EVERYTHING is thrown into sharp relief when your vicar moves on — as ours did more than a year ago from our village church in the Staffordshire Moorlands — and when you are without a replacement for far longer than anyone envisaged. The dynamic of the church council changes, and one of the main concepts you question is that of leadership itself.
In the past 12 months or so, I have noticed three distinct phases in our dynamic as a church group. Initially, there was a real will to pull together, in the keen awareness that, for now, we were without a leader. Officials, churchwardens especially, quickly have more responsibility in these circumstances. Some of this is onerous, and the fallout is serious if something is overlooked or done incorrectly, particularly over weddings and christenings.
At the start of the period of vacancy, however, there was a mixture of excitement about the next appointment, and an enthusiasm to keep things going. This swept us along for the first few months. Perhaps unspoken was the assumption that a new vicar would soon be appointed, and everyone could return to their former positions, but with what we hoped might be a beneficial shake-up.
THE second phase is when the structure of the group begins to waver. Underlying tensions between personalities find expression. Being without a leader means that the brakes are off, and clashes easily escalate.
The politics of even a small village church can be off-putting for many — perhaps particularly for the very volunteers you might wish to attract and keep. Ironically, this antipathy can be felt by people with great potential for the job. Groucho Marks said that he wouldn’t want to belong to any club that would have him as a member.
Perhaps the fair-minded, diplomatic people with a sense of humour in any community are the very ones who run a mile from becoming involved in committees and church councils. Possibly they see these bodies as consisting of people who like to talk rather than listen, and who get too bogged down in the minutiae of church life.
So this second stage is when you can lose good people, and when many may question the purpose of the church in the community. Are you there to raise money and maintain a beautiful building, or are you there to reach out to people in need? The quick answer is that you have to do both. The problem is that the only part that most people see is the fundraising, building-maintenance bit.
This second phase can last a long time, and is when you feel most disenchanted. It is difficult to imagine things getting better.
THINGS do get better: you reach the third phase, where our church is now. It is a calmer time. People have recognised that the survival of the group depends on finding compromises, and that everyone needs enough good will to see them through to when a new applicant comes along and is successfully appointed.
Against the odds, the group has bonded (you hope), and some members have perhaps even become more tolerant of each other’s weaknesses.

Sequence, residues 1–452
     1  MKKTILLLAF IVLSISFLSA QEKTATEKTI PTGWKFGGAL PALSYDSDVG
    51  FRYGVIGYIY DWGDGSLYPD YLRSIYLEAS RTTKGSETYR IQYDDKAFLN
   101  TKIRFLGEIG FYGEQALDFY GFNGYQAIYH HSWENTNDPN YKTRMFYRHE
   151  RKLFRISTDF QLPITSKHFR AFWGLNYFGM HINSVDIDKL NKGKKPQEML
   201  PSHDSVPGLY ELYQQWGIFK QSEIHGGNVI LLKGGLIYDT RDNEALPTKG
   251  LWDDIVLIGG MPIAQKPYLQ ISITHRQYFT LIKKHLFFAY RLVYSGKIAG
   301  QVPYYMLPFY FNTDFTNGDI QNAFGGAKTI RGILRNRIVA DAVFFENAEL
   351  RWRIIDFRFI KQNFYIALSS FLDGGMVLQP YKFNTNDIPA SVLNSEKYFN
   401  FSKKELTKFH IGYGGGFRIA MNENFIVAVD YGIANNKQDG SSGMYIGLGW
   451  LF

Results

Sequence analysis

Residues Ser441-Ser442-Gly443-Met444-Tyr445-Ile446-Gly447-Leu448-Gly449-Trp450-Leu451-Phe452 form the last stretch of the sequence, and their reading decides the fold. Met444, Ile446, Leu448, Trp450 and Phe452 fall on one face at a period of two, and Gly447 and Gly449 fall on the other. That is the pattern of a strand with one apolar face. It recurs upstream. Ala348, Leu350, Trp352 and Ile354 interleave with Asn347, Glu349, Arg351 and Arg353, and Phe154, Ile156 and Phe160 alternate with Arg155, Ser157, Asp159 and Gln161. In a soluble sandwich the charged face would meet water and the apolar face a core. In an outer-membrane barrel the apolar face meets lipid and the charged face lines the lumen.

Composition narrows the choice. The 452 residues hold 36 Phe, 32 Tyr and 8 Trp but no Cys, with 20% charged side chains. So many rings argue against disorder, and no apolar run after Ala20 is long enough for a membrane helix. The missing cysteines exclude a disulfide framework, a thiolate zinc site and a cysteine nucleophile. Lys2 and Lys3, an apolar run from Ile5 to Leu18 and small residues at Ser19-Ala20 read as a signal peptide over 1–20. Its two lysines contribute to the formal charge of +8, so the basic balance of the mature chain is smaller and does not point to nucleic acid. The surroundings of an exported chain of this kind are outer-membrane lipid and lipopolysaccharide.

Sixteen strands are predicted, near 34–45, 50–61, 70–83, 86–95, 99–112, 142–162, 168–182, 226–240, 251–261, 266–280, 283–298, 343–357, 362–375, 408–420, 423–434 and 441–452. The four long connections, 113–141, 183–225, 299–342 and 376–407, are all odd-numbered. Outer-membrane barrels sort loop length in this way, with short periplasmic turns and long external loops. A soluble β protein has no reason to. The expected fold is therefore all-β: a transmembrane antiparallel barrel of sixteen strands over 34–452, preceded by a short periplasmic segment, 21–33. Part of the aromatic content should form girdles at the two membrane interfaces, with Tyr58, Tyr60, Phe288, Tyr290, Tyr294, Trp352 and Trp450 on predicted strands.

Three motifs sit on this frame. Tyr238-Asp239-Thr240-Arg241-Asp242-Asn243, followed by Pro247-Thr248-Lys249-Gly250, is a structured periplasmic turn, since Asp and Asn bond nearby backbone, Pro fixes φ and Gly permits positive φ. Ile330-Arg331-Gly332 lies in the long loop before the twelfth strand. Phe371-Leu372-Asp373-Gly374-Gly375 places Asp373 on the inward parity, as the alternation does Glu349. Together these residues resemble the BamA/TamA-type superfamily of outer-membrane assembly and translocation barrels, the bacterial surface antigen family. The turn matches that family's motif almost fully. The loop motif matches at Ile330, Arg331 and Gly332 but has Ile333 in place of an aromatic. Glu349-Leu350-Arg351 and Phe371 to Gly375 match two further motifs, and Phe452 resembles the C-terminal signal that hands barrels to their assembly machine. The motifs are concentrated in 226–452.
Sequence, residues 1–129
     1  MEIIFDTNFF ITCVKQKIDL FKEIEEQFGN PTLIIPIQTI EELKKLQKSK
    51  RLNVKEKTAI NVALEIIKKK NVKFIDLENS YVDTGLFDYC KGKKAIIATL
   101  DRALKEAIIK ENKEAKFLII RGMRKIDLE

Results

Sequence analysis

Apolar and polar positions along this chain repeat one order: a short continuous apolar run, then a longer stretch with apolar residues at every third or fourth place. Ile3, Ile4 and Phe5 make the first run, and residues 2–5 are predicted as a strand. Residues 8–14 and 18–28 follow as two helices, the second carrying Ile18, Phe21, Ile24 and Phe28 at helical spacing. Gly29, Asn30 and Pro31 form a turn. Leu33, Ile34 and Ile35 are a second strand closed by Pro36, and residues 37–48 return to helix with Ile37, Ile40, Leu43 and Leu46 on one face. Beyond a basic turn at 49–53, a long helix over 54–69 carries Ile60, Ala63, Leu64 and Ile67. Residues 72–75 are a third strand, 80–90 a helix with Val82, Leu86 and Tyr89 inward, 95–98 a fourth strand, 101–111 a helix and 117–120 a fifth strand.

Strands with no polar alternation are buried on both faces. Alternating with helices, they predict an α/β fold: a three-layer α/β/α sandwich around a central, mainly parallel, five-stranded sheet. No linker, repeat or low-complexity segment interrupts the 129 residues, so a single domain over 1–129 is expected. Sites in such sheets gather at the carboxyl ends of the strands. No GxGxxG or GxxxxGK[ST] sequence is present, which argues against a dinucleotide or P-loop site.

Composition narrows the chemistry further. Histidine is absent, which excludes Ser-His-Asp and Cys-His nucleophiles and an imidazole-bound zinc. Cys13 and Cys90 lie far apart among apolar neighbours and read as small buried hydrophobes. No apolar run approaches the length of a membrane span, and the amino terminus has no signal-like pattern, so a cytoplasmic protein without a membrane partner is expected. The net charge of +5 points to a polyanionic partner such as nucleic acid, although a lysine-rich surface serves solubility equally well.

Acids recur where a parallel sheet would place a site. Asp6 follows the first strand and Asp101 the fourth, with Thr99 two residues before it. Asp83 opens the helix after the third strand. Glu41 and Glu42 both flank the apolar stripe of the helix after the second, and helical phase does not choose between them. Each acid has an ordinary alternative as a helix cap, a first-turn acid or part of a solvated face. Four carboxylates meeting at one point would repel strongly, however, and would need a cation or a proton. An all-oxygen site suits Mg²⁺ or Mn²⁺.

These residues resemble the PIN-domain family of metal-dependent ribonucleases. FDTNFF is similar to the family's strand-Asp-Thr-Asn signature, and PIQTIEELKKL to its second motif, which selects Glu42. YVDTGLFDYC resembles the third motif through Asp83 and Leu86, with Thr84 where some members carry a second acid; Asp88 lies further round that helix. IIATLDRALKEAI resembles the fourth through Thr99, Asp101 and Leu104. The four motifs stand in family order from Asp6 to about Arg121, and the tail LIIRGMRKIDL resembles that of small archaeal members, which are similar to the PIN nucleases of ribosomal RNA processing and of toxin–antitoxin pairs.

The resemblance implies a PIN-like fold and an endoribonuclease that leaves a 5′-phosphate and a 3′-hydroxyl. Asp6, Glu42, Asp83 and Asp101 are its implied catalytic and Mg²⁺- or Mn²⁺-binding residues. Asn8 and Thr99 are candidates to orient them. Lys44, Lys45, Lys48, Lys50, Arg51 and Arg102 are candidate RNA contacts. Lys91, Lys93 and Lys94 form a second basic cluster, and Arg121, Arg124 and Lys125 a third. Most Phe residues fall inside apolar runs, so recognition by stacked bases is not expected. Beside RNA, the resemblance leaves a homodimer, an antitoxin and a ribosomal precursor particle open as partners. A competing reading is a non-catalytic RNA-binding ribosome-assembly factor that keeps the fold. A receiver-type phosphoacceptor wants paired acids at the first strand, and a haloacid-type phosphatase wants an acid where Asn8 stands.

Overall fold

It may be that the group’s views of leadership have changed during this process. It is naïve to think that the Church does not bear some sort of comparison to other organisations. An immense body of study now exists on the subject of leadership and, significantly, how it is distinct from management. Several differences have been identified, but probably the most important is the influence that a leader has on other people. Someone can be an effective manager, efficient at maintenance tasks, but lack leadership qualities.
THE period of vacancy has not been all negative and burdensome. Our PCC has successfully completed a grant application —back on the maintenance side. We have participated in a big community event. We have survived a period of challenge and uncertainty.
A rotation of three or four retired priests come to us each Sunday. This has been uplifting, and entertaining at times. A great deal has been learned about the behind-the-scenes laborious administrative work involved in running our church.
You miss a vicar, however —perhaps not in that first, rudderless way, when people simply wanted someone to come along and fill a gap. But there are qualities of leadership that a church needs, even after it has proved that it can survive, and even do quite well, in a period of vacancy.
The administrative position is onerous, and an anathema to many people, but it does not need a priest to do it. A vice-chairman or -woman can take meetings, and Readers can do a great deal. The rota of retired clergy has worked fairly well, too.
The need for a key person has changed over time, and in subtle ways. The new appointee needs to fulfil many positions, but perhaps some of them are difficult to quantify, but easier to feel — a little like faith itself.
We need a person with that element of standing apart from us while belonging to us, and someone who can relate well to members of the community, whether they are churchgoers or not.
In times that are straitened in terms of resources — particularly human resources — it is easy to think that perhaps you can get along all right without that new appointee. But it may well be that, without spiritual leadership, you are in danger of becoming a group of people who belong to a club, and one that becomes increasingly irrelevant to some of the very people whom it would be good to involve.
Noreen Wainwright is a freelance writer, and is married to a churchwarden.